top of page

They Told Me My Sexuality Was Just Because Of My Autism

Blog by Charli Clement


At fourteen, I came out as asexual. A year later, I was diagnosed autistic.


My identities come together and intertwine for me, particularly in a healthcare context. As a chronically-ill-and-multiply-neurodivergent person who has been under physical and mental health services since they were ten years old, I’ve faced a lot of medical misogyny & casual aphobia and queerphobia.


I was often told I was too young to know I was asexual before I knew I was autistic, but people’s disbelief and want to explain it away suddenly became twofold at the point of me waiting for assessment and receiving a diagnosis.


When I was admitted to a psychiatric unit at age fifteen, I was told by staff that I believed I was asexual just because I was autistic. That I couldn’t possibly really know my own sexuality, and that I would grow out of it.


One day, I was talking to one of the boys on the unit.


“They told me my sexuality was just because of my autism”, he said.


I immediately said I’d been told the same.


“So you’re pansexual too?” he asked.


It didn’t really matter your identity to them - it mattered that you were autistic and that meant you couldn’t know yourself better.


Growing up with poor mental health as a result of trauma and not knowing I was autistic meant that I’ve also been told that when I get better mentally, my asexuality will just go away. There is an assumption by healthcare professionals that asexuality is something that will just change, and this seems to especially intertwine with their beliefs about autism or mental health.


Like many autistic people, I’ve often seen the tone of an appointment change immediately upon the professional learning of my diagnosis - becoming immediately patronising or talking to my mum instead of me. This often also has an impact on their biases surrounding my asexuality, where I’ve been told multiple times that I wasn’t “mature enough” to know it.


I’ve also been told repeatedly in a medical and casual social context that I must have a hormone problem. This is something said to many asexual people, but I find it is also often linked back to the fact I am autistic and experience multiple chronic illnesses.


When I was diagnosed with a pituitary adenoma which significantly raised my prolactin levels in 2021, it was implied to me by some that my asexuality might change after treatment.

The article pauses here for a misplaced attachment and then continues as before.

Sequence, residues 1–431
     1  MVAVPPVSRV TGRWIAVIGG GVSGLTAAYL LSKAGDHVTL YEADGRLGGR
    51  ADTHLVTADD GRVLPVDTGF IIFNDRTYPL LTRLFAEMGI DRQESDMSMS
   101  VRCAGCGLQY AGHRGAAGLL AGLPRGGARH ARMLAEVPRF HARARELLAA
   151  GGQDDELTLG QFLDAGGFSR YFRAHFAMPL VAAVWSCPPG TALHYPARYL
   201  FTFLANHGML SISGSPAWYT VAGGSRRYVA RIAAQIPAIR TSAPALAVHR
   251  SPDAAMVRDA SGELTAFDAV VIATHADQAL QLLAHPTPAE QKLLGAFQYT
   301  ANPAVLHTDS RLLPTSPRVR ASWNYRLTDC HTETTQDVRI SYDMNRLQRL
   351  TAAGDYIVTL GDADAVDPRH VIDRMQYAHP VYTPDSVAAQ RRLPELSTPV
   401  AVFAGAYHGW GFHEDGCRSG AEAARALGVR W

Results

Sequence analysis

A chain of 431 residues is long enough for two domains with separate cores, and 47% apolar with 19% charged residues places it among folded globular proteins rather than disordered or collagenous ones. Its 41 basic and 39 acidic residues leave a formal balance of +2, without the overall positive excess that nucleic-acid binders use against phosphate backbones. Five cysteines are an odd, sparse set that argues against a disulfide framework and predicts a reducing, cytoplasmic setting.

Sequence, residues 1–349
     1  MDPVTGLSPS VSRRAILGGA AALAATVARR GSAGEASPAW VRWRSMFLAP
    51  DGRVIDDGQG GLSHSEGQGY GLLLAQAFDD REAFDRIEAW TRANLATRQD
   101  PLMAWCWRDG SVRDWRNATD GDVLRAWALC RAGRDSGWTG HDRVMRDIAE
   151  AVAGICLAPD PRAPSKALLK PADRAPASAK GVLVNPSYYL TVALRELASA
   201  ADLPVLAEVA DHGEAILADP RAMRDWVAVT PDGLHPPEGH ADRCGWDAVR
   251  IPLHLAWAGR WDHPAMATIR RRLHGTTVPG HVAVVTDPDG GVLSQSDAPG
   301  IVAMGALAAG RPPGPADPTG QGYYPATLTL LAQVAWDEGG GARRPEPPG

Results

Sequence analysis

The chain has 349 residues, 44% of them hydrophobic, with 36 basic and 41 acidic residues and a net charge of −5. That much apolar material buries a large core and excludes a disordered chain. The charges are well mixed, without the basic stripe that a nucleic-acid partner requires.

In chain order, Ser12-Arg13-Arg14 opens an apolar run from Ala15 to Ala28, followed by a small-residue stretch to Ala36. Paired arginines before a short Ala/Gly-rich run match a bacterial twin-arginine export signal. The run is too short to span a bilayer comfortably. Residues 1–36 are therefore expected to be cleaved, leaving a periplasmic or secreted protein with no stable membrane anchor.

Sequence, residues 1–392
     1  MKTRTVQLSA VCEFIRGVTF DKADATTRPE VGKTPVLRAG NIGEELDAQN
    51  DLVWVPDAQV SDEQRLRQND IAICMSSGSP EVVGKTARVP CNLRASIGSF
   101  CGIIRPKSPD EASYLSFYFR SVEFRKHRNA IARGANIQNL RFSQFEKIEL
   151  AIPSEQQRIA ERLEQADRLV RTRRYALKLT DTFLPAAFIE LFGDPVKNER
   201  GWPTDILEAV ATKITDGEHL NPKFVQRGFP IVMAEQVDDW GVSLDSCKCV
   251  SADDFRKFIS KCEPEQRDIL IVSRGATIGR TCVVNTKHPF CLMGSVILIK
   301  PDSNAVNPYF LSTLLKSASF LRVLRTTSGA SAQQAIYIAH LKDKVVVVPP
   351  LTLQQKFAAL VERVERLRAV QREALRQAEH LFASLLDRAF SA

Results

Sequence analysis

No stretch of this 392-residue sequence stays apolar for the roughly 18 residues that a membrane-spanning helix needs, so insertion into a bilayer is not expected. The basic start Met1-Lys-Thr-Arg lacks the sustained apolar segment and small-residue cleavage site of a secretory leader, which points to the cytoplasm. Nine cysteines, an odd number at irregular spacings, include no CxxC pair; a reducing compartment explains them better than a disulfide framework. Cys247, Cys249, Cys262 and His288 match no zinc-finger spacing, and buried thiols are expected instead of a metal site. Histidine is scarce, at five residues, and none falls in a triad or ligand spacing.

This isn’t an impossibility, of course. Some people do identify as asexual and then find this does change with hormone changes, and those people’s experiences are extremely valid - but it shouldn’t be the first thing people say or assume when we come out.


Autistic people are more likely to be LGBTQ+, more likely to be trans or non-binary, and are also more likely to be asexual.


There’s no definitive answers as to why this is yet - some scholars argue it could be because we don’t conform to social norms and so might see gender or sexuality in a different light to others, and are less likely to feel the need to conform, and are therefore more authentic. Others argue there is likely a biological link, and others say it is likely a combination of the two.


What we do know for definite, however, is that, regardless of the reason, our identities are ours and are real and valid.

 

Part of the reason why both asexuality and aromanticism are often devalued in society is because of allonormativity (the idea all humans experience sexual attraction) and amatonormativity (the assumption all humans want or should be in a romantic relationship). Society places so much emphasis on sex and romance, that it is unfathomable for many that there are people who do not experience these in the ways that they do.


Not all autistic people are asexual, and not all asexual people are autistic. It’s a caveat I have to provide day in day out, almost every time I come out to someone. I shouldn’t have to - society should just accept that the two identities intertwine for many of us and make up our lived experience, without placing this as a belief on entire communities.


For me, I believe people do this partially because they view autistic people’s experiences of empathy and social situations in a stereotypical way, and automatically associate this with ideas that we couldn’t possibly engage in sex or relationships.


This is something actually almost backed up by the autism diagnostic process. In my Autism Diagnostic Observation Schedule (ADOS) assessment, I was asked at length about relationships, whether I had a boyfriend, or if I wanted one.


I said no - I am demiromantic as well as asexual, and so only experience romantic attraction after the forming of an extreme emotional bond. That was taken as indicative of me lacking empathy or the social understanding for a relationship, but I’m actually one of many autistic people who experiences hyperempathy, and who understands but doesn’t value social norms.


It’s extremely frustrating for outdated or stereotypical ideas about autism to be baked into the diagnostic criteria and assessments as it is, but for me and many others, our sexuality, romantic orientations, and gender identities are simultaneously disparaged and belittled, too.


Asexuality and aromanticism are both almost totally at odds with the way our society functions and the norms people find themselves in - not unlike the way that autistic people challenge many norms, too.


For those of us who are both autistic and fall on the asexual and/or aromantic spectrums, we live a life of people not wanting to understand or believe in several parts of who we are; a dichotomy in their beliefs about sex and relationships, versus the way they medicalise our bodies and minds.


Comments

Rated 0 out of 5 stars.
No ratings yet

Add a rating
bottom of page